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Tuesday, December 7, 2021

Chess and Head Colds

     Two COVID vaccines, a booster and one of those high dose flu shots apparently does not stop one from getting an old fashioned common cold! You know, runny, stuffy nose and nasal swelling, congestion, sneezing, sore throat, cough, headache and mild body aches. It's been so long since I've had one I forgot how really miserable they make you feel!    
     The common cold is caused by more than 200 different viruses. Rhinovirus is the most common cause, accounting for 10 to 40 percent of colds. In the United States, colds account for more visits to the doctor than any other condition. Adults get an average of two to four colds per year, mostly between September and May. Young children suffer from an average of six to eight colds per year. 
     Colds are highly contagious. They most often spread when droplets of fluid that contain a cold virus are transferred by touch. These droplets may also be inhaled. You can catch a cold through your eyes! When an infected person coughs or sneezes, they release tiny droplets into the air and if these droplets get on to your hands, you can pass them into your eyes by touching them. The virus can travel to the nose and throat through a duct that links the eyes and nasal cavity. The best way to avoid letting the virus get into your system is to wash your hands regularly, especially after touching potentially infected areas. 
     The germs that cause a common cold can live for up to two days outside of the body. They can be living on doorknobs, computer keyboards, smartphones, tablets, drawer handles, bottles and jars. 


     Symptoms in the head (runny nose, watery eyes or headache) make it a “head cold.” A congested chest and a cough that won't quit is a...“chest cold.” 
     When you have a cold, your body creates more mucus to both remove the infection and protect it from other bacteria and viruses. Coughing helps remove that extra mucus from your lungs and throat. 
     With a head cold your body creates extra mucus to flush germs out of your nose and sinuses. This extra mucus (aka snot) causes the veins in your nose to become inflamed and swollen. This interferes with the sinuses’ ability to drain, causing mucus buildup and that congested feeling. The pressure causes pain in your forehead, between or behind your eyes and in your teeth.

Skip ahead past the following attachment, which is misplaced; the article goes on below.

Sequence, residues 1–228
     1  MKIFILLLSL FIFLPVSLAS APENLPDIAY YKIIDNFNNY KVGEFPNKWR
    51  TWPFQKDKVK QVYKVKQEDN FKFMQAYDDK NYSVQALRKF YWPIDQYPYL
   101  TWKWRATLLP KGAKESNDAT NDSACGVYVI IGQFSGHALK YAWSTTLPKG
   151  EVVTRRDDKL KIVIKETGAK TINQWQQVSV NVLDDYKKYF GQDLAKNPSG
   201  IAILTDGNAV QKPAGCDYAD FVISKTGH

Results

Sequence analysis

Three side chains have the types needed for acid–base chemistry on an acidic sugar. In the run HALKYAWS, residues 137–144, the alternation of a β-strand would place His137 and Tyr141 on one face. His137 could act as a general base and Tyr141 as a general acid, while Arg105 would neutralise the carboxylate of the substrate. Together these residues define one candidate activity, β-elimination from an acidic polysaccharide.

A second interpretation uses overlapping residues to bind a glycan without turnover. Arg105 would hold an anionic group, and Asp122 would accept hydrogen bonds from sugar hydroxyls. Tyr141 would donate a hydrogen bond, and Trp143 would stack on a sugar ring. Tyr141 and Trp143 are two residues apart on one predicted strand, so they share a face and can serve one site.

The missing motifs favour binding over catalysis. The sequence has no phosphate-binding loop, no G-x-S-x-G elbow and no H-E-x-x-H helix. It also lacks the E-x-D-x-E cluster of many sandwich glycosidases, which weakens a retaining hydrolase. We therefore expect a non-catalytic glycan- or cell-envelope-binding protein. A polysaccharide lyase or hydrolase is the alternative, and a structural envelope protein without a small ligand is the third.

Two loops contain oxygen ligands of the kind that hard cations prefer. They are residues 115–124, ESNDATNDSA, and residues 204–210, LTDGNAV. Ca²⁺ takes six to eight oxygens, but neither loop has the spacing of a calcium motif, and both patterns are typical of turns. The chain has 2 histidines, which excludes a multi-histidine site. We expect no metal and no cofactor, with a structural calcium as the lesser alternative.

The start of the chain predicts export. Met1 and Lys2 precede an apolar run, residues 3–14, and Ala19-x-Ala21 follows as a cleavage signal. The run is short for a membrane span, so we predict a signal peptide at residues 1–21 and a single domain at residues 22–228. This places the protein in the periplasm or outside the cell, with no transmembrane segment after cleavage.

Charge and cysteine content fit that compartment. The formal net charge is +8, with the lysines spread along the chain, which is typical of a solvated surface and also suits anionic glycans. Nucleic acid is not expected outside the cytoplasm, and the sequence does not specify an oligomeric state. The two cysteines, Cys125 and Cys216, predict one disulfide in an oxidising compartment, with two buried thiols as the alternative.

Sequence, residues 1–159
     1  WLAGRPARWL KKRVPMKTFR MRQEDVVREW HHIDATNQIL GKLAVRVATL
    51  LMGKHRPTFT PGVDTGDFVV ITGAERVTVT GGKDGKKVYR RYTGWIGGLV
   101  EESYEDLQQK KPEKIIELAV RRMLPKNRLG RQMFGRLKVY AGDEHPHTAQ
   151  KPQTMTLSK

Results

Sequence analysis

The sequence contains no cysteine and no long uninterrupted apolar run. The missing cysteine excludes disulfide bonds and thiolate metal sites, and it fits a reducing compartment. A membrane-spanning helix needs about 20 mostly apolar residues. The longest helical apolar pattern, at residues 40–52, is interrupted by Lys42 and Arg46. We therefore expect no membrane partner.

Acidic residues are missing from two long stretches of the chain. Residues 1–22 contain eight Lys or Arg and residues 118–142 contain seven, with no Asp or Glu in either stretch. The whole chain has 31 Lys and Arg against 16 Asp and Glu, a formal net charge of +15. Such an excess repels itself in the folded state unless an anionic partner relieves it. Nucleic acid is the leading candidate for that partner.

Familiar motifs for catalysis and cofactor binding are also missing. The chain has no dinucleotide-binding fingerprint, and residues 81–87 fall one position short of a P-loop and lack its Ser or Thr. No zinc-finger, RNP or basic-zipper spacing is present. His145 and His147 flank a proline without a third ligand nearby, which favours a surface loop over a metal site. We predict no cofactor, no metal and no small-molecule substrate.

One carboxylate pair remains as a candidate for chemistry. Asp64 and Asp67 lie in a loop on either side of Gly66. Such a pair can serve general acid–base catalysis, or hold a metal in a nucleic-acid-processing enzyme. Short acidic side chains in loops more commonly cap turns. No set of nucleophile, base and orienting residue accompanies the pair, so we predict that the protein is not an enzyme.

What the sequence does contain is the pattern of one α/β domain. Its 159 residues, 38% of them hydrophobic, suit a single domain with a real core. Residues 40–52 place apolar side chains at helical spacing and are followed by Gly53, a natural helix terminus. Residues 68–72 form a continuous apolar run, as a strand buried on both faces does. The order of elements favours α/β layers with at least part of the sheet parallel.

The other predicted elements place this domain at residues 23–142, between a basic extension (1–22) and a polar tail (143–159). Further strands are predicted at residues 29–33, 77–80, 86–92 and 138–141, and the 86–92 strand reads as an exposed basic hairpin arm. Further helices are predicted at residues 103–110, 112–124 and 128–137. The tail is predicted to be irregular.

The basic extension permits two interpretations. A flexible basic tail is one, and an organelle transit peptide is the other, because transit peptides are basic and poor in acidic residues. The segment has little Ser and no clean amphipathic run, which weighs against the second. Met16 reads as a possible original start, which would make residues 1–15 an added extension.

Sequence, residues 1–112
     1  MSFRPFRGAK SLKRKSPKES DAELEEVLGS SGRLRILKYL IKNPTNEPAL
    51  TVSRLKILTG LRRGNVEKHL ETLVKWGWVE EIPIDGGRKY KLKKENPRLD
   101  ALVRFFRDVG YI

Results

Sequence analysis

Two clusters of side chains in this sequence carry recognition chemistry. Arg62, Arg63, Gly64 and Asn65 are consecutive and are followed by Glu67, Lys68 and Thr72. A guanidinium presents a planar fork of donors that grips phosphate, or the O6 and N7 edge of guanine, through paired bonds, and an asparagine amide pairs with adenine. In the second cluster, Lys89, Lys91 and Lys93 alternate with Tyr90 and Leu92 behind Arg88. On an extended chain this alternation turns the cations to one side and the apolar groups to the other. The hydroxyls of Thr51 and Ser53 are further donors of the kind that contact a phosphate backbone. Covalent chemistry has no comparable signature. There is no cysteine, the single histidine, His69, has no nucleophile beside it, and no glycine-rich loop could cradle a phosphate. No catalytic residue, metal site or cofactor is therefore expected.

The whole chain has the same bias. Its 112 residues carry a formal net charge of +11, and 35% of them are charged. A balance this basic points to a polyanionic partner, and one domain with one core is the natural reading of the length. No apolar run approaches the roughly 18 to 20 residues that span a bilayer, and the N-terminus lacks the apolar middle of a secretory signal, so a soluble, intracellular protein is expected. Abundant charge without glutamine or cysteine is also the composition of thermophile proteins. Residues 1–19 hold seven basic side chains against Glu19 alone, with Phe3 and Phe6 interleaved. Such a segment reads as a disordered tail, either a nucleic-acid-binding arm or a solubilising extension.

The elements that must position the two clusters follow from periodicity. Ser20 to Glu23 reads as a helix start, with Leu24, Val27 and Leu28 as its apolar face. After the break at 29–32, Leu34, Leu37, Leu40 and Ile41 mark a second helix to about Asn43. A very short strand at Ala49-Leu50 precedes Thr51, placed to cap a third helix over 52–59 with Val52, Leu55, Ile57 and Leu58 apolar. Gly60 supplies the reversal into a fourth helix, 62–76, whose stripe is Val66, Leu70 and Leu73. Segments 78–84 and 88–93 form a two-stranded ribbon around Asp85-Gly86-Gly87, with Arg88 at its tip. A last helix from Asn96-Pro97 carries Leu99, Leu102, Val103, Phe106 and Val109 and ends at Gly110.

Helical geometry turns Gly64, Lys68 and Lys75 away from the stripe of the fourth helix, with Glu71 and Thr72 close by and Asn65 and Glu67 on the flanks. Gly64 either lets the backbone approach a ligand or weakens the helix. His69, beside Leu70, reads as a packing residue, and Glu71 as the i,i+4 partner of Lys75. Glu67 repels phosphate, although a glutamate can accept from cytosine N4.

Is it a cold or the flu? They have many of the same symptoms, so it's can be almost impossible to tell the difference. Cold symptoms are usually milder and you’re more likely to have a runny or stuffy nose. Flu symptoms are usually stronger, develop quicker and are accompanied by headaches, fever, chills and aches. 
     There is no cure for the common cold and without treatment healthy people usually get over it in 7 to 10 days. Flu symptoms should go away after about 5 days, but you may still have a cough and feel weak a few days longer. All your symptoms should be gone within 1 to 2 weeks. With treatment, you will usually get over a cold in 7 to 10 days and flu symptoms should go away after about 5 days.
     So, for the past several days I have done nothing but sleep, look at a few chess games and sleep some more. At least the days are gone when I had to slug it out and go to work feeling bad. 
     With so many cold viruses out there, it’s highly unlikely that scientists will ever find a cure. There is little evidence to suggest that taking large amounts of Vitamin C will actually help. In times past lizard soup, blood-letting, leeches, turnips, plum pickles and chicken soup have all been used to treat colds, but with little success. For anybody that's interested in lizard soup you can try the recipe HERE
     The book I have been browsing is Minev's small book, David Bronstein, Fifty Great Short Games. 
     IM Nikolay Minev (1931-2017) should have been a GM. He was born in Ruse, Bulgaria and didn’t take chess seriously until he was 15 (1946), but made quick progress tying for first in the 1951 Bulgarian Championship. He lost the playoff, but won the title in 1953, 1965 and 1966. 
     In 1983, Minev and his wife were supposed to return to Bulgaria, but tired of living under communism, they defected and after a short stay in Vienna, they ended up living out of touch with most of the chess activity by settling in Seattle, Washington. He did a lot of teaching in Seattle and one of his pupils was two-time Washington State Champion Bob Ferguson who also happened to be the state's Attorney General. 
     One of the games in the slim 96 page book is Bronstein's hammering of the Estonian champ (1970, 1975, 1977, 1983 tie, 1984, 1985 and 1987) IM Hillar Karner (1935-2017, 81 years old). 
     One of the other things I've been tinkering with is publishing games using Fritz 17, so let me know what you think.

1 comment:

  1. Feel better soon! No lizard soup for sure! Fritz 17 is excellent.